It’s bad news for those of you over 25 as a new British study reveals that you’re past your peak of popularity.
Shortly after this age, friendship groups rapidly decline, according to researchers from Aalto and Oxford Universities.
The study, published in Royal Society Open Science journal, analyzed the cellphone patterns of three million users of known age and gender.
“The number of connections reaches a maximum at the age of 25 for both genders,” said study leader Kunal Bhattacharya. “At this age men and women are able to invest time in maintaining large social circles. This is also the time when men start looking for their romantic partners. But once people settle down in life, they withdraw from causal relationships and invest time to balance their work and family life.”
On average, we are making 15 acquaintances per month while we’re young, the study reveals. After reaching the “popularity peak,” connections decrease over the next 20 years. At the age of 45, social network numbers will plateau for a decade and then will steadily fall.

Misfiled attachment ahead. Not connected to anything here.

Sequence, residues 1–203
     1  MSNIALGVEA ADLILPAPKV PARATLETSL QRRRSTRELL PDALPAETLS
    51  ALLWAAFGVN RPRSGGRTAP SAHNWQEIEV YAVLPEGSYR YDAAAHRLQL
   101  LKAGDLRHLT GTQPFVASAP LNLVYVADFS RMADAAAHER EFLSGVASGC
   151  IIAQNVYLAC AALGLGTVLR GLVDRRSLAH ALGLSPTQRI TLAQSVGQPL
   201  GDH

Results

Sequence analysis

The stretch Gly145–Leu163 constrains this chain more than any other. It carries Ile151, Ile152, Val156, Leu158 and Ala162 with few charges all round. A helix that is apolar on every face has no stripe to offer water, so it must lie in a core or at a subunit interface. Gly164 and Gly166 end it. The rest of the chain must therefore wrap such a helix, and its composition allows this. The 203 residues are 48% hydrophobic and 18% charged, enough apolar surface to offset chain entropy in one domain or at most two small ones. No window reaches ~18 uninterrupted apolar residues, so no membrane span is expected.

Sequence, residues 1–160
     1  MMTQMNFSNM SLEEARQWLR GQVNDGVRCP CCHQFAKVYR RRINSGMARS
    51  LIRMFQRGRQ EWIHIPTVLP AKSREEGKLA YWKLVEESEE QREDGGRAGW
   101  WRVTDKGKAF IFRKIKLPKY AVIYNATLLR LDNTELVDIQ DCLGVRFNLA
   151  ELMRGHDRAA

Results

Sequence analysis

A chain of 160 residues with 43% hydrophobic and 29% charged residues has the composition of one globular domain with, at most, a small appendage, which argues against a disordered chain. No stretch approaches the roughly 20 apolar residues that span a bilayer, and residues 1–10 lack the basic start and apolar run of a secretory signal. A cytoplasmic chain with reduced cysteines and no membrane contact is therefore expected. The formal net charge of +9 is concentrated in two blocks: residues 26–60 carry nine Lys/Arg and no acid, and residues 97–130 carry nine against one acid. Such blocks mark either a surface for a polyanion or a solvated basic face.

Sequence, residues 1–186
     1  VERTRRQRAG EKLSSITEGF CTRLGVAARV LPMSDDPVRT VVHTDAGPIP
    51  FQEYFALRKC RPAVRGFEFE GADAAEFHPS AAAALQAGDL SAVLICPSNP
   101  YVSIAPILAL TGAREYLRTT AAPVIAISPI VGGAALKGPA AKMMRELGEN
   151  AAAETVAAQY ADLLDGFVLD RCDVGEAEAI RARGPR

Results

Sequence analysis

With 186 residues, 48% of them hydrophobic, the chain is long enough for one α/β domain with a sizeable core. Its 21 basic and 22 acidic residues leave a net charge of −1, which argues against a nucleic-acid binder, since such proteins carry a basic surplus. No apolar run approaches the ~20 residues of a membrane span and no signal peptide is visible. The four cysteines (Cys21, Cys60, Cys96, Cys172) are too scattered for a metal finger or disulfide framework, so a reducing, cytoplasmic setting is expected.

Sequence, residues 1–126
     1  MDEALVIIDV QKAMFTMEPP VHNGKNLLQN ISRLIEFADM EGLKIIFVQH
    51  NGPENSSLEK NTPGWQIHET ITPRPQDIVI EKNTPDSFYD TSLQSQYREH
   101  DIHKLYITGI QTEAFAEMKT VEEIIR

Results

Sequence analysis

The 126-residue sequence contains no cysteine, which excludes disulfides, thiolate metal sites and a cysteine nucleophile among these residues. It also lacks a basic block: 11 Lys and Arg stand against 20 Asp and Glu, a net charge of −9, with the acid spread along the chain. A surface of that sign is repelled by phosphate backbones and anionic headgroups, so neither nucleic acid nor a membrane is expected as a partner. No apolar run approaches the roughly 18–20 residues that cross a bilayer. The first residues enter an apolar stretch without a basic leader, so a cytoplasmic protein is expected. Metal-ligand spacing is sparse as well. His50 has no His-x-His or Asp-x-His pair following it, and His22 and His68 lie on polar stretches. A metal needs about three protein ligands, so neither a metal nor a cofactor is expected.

“It’s interesting young men are more connected than young women,” Bhattacharya added. “While men maintain a lot of casual relationships, women seem to be more focused on their romantic partner. After the age of 25, the social spheres of both start shrinking. This happens faster for men by such a rate that from the late 30s women become more connected.”
The expert continues: “This is when people get married, settle down and participate in parenthood. The communication patterns of women would suggest their pivotal roles as parents and grandparents.”
Yet another discovery suggests each person’s most frequent and longest calls tended to be with someone of the opposite sex of the same age, presumed to be the spouse. And on the whole, people are socializing mostly with their partners and family members, particularly in older generations.
Researchers think their study will help the construction of realistic models for societies, which may be useful to scientists and engineers for planning and development.
- By Dmitry Belyaev